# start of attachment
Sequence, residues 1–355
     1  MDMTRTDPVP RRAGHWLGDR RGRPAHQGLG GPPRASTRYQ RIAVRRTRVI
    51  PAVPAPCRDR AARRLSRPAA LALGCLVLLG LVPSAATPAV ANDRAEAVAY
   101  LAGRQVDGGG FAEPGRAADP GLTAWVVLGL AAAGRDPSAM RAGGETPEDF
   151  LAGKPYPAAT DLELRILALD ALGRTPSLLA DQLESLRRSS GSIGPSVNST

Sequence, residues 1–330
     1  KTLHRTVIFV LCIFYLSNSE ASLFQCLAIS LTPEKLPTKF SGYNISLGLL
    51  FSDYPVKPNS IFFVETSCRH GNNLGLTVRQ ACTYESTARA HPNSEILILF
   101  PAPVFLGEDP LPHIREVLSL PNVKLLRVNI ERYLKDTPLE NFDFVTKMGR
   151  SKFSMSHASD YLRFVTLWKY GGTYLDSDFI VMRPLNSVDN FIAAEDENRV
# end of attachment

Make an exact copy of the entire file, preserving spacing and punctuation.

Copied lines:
Sequence, residues 1–355
     1  MDMTRTDPVP RRAGHWLGDR RGRPAHQGLG GPPRASTRYQ RIAVRRTRVI
    51  PAVPAPCRDR AARRLSRPAA LALGCLVLLG LVPSAATPAV ANDRAEAVAY
   101  LAGRQVDGGG FAEPGRAADP GLTAWVVLGL AAAGRDPSAM RAGGETPEDF
   151  LAGKPYPAAT DLELRILALD ALGRTPSLLA DQLESLRRSS GSIGPSVNST

Sequence, residues 1–330
     1  KTLHRTVIFV LCIFYLSNSE ASLFQCLAIS LTPEKLPTKF SGYNISLGLL
    51  FSDYPVKPNS IFFVETSCRH GNNLGLTVRQ ACTYESTARA HPNSEILILF
   101  PAPVFLGEDP LPHIREVLSL PNVKLLRVNI ERYLKDTPLE NFDFVTKMGR
   151  SKFSMSHASD YLRFVTLWKY GGTYLDSDFI VMRPLNSVDN FIAAEDENRV